Thursday, January 28, 2016

Friday Book Chat- Eating on the Wild Side



Happy Friday! I've decided to try to use Fridays as a day to talk about some of the best new books. There are so many I want to share so we will see if this can be a little forum for some of the better offerings and have recommendations from you readers too.

I've had this book on my nightstand for a while and been meaning to write about how fantastic it is. I don't know about you, but eating better is always one of my goals in a new year and reading this book motivated me to make better choices for the family and in what I personally put in my body as well.


Think you're eating well because your diet is filled with vegetables? Well think again! Did you know that the preparation and varietal makes a huge difference in the nutrition? I had no idea that some vegetables are lacking almost all their benefits by time they get to the supermarket shelf!

Eating on the Wild Side is an eye-opener and author Jo Robinson has done a great job with her in-depth research and history. You will learn so much about getting the maximum antioxidants and cancer-fighting advantages out of your veg and fruits.


 Some of the tips I loved..Letting your garlic rest after chopping for just 10 minutes before cooking retains all it's cancer-fighting benefits, but if you don't wait you lose all of them in cooking. Carrots should be bought fresh and with their tops on. The very popular baby carrots can be months old and carrots are one of those vegetables that do not retain nutrients when frozen, and you can get eight times more beta-carotene by cooking a carrot than eating it fresh.



Like our grandmothers said, the skin is often the most nutritious part of vegetables and fruit and why one needs to buy organic. Those pesticides do not rinse off. Buying local is not just good for the earth, but by buying from farmer's markets your fruits and vegetables will likely be picked the day before as opposed to stores who often sell things kept in refrigeration for weeks. The problem is many vegetables like broccoli lose almost all it's nutrition waiting on the store shelf.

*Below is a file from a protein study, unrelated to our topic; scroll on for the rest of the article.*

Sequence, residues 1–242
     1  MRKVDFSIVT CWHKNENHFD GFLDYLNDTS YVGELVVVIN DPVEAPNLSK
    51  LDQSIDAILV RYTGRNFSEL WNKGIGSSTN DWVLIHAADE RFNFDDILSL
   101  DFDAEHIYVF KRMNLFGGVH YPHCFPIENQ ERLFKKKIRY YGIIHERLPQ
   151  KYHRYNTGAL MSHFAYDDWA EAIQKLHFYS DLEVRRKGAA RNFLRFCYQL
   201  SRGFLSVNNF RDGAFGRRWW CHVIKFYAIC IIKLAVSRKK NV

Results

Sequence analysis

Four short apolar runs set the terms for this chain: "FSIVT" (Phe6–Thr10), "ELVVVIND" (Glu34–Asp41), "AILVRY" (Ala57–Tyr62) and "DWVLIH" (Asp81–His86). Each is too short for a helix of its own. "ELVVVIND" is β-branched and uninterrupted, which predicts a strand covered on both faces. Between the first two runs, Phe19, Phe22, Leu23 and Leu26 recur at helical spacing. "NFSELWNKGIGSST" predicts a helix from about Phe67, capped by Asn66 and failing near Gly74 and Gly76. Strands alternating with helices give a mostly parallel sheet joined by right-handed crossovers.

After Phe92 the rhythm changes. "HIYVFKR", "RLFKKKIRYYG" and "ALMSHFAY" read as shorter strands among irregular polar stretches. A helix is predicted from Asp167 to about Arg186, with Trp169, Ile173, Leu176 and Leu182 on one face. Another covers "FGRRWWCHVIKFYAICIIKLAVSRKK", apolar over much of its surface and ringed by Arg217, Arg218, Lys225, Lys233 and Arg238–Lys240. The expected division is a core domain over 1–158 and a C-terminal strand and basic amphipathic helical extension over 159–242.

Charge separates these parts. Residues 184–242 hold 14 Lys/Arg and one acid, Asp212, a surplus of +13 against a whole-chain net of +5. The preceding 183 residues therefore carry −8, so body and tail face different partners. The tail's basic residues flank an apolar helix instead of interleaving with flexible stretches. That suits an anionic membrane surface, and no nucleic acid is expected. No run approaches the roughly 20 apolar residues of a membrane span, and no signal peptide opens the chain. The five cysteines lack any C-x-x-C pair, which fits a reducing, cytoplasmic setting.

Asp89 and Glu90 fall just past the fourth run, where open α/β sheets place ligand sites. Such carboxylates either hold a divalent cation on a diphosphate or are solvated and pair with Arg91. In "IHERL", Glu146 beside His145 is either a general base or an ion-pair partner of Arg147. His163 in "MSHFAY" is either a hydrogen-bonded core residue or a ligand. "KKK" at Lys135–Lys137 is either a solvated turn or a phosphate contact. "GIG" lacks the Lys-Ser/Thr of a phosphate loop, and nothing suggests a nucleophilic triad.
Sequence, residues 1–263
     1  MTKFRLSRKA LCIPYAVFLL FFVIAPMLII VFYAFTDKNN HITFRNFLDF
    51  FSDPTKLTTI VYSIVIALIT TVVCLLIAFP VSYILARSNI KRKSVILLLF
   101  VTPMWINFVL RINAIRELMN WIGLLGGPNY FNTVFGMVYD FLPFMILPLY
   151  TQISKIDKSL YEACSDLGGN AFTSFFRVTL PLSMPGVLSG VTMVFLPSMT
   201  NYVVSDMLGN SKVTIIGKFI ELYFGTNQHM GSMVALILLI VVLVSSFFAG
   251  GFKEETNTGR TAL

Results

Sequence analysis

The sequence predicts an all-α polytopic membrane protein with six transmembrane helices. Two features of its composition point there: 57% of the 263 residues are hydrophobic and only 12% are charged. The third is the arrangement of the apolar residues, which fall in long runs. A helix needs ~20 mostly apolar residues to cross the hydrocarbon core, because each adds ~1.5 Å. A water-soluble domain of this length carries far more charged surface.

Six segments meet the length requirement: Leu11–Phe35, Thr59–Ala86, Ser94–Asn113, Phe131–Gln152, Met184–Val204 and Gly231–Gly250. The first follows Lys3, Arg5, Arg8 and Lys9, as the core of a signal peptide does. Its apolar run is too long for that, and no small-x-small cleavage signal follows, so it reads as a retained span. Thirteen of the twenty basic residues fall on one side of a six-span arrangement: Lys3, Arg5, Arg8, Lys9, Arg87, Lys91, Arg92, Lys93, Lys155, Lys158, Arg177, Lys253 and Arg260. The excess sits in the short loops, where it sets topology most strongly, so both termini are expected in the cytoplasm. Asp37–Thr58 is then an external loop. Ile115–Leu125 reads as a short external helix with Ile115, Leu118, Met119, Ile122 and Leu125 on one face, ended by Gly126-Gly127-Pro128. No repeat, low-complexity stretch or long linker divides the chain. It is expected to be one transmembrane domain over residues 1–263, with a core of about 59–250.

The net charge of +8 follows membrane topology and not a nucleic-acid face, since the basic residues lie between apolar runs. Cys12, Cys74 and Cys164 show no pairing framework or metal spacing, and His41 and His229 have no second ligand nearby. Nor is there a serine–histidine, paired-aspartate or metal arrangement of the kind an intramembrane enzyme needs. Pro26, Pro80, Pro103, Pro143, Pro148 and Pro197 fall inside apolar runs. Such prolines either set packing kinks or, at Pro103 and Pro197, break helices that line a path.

After reading this you'll know the best way to retain nutrients, antioxidants and keep your produce fresh.  There's a shopping guide at the end of each chapter that tells you what varietals to grow and buy that have the most health benefits. The history of some of these plants is fascinating too..How they became cultivated and chosen over others makes it an interesting read.


When buying you want to looks for fruits and vegetables that have more exposure to the sun and hence more antioxidants. So choosing a baby lettuce over a romaine whose leaves are enclosed is much more desirable.  Darker tends to be better for you, but in some cases like peaches and nectarines, the white ones, less propagated have much more nutrition. Chose less cultivated and more wild varietals when possible, from local sources or your own garden for your health. To top it off, there are also some yummy recipes dotted throughout this book I really liked.

Has anyone else read this? I think it's the best food book since The Omnivore's Dilemma which was eye-opening as well. Any other similar books you love? I find they really motivate me to commit to better eating.

Have a healthy weekend. Getting to the farmer's market is on my list!

Kim



Photos Northerncalstyle 

20 comments :

  1. This is an amazing post, Kim. Definitely worth a read. Thanks for sharing.

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  2. Love this post. I am a firm believer that so many of our health problems stem from what we eat. Can't wait to check this book out. Keep the book ideas coming :)

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    1. Aimee thank you. It's a super book! I am excited to write more about books here. xo

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  3. Good information and I had no idea about cooked carrots being more nutritious than raw...who knew?! Love your strainer full of tomatoes! I eat a ton of those including tomato juice!

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    1. Thanks April. It's true and a ton of other info! So much we don't know and can help us all get the most phytonutrients! Happy Friday!

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  4. Sounds like a wonderful book! I had heard about cooked carrots being more nutritious before, but I still eat them usually raw... I do however try to buy them with the tops on.

    Have a wonderful weekend!

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    1. Thanks Andrea! I just found baby carrots with the tops on, at the farmer's market. Loved them!